- $300,000 – $150,000 = $150,000
- $150,000/27.5 = $5,454.54 depreciation per year
5,454.54 is the annual amount you can deduct when filing your rental property taxes. You will do this each year to assess the current home value and the associated annual depreciation.
2. Mortgage Interest Deduction & Other Forms of Interest
Interest on a rental property may take several forms: mortgage interest, points and loan origination fees, interest on credit lines and unsecured loans for the property, and in some cases interest from credit cards used for property-related expenses.
When you make a loan payment on your rental property, there are two components to that payment. There is the portion going to the principal and the portion paying back interest. You can see this by looking at your monthly statement. Unfortunately, you can’t deduct the principal portion of your payment. However, you can deduct the interest portion.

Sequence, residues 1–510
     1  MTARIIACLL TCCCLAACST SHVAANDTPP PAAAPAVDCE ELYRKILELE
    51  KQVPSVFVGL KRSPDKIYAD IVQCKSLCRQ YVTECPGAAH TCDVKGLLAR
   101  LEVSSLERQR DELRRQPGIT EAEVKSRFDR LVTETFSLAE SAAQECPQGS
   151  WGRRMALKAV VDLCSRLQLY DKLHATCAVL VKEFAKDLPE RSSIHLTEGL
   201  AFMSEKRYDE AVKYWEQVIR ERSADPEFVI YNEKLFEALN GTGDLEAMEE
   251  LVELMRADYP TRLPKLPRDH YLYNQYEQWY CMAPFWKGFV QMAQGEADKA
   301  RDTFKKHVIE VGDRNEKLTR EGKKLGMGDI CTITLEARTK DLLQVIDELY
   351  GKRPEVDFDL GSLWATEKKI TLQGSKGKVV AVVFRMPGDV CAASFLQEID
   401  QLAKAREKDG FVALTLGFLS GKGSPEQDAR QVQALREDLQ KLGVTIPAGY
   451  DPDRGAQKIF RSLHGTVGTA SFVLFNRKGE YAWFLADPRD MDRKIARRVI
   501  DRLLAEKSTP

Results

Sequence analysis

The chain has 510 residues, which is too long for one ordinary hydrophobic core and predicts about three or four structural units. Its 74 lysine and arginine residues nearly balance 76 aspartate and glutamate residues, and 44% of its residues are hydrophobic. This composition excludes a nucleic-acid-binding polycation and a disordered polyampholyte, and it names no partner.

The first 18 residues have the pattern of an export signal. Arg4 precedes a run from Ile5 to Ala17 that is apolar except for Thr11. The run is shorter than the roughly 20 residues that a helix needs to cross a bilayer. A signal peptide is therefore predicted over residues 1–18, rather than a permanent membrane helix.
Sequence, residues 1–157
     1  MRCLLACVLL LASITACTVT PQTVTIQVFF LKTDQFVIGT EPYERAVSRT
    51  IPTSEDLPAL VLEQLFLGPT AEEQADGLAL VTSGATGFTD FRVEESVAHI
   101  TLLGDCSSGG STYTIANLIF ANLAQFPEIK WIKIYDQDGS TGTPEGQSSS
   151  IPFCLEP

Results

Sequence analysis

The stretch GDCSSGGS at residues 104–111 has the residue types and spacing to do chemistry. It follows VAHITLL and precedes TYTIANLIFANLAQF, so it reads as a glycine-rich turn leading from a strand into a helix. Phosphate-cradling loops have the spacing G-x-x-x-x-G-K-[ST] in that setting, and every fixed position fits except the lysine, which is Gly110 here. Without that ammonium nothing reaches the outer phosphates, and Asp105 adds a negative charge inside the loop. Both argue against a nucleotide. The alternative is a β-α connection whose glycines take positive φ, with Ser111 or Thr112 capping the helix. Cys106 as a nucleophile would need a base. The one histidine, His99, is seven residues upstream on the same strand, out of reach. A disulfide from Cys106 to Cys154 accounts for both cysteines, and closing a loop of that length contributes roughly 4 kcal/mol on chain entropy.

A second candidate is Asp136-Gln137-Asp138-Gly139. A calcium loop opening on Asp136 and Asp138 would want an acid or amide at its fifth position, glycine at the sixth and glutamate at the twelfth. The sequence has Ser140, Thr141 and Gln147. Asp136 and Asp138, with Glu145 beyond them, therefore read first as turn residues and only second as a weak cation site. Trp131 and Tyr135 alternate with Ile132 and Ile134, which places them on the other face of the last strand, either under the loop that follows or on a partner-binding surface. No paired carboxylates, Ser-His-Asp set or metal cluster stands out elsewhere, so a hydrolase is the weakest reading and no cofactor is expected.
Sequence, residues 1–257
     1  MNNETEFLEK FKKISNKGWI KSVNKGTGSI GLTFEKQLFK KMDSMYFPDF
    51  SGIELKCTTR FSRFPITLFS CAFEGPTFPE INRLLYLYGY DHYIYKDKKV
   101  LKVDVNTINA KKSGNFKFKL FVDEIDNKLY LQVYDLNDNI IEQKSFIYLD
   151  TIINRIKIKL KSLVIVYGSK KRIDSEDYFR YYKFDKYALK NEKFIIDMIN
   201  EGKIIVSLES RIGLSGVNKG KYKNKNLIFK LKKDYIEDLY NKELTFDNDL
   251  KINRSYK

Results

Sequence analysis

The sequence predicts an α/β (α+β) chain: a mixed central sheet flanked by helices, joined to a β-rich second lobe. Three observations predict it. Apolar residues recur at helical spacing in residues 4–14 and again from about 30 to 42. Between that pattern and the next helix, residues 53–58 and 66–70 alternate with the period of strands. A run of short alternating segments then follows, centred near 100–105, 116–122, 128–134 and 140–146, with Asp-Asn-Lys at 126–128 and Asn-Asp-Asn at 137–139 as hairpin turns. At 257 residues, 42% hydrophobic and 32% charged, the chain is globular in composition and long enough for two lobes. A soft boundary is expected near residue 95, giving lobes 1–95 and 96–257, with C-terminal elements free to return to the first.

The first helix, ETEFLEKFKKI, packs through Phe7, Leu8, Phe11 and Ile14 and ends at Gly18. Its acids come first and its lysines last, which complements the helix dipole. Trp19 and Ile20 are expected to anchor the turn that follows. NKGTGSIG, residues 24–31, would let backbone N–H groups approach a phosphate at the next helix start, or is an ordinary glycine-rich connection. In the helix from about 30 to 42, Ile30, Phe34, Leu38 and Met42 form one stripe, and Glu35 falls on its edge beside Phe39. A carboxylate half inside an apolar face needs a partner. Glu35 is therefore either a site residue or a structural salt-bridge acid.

For example, let’s say you have a mortgage or other loan related to the property with a monthly payment of $1,000. Let’s assume $200 is applied to principal, meaning $800 is interest. Only the $800 is deductible as an expense. Multiply this interest by 12 and you find your annual interest deduction of $9,600.
Since the main loan(s) on a rental property are likely mortgages, this is the first interest figure to consider. You can also deduct points, etc. as a form of prepaid interest. Prior to the 2018 Tax Cuts and Jobs Act, you could deduct interest on home equity lines of credit (HELOC), but this is no longer tax deductible.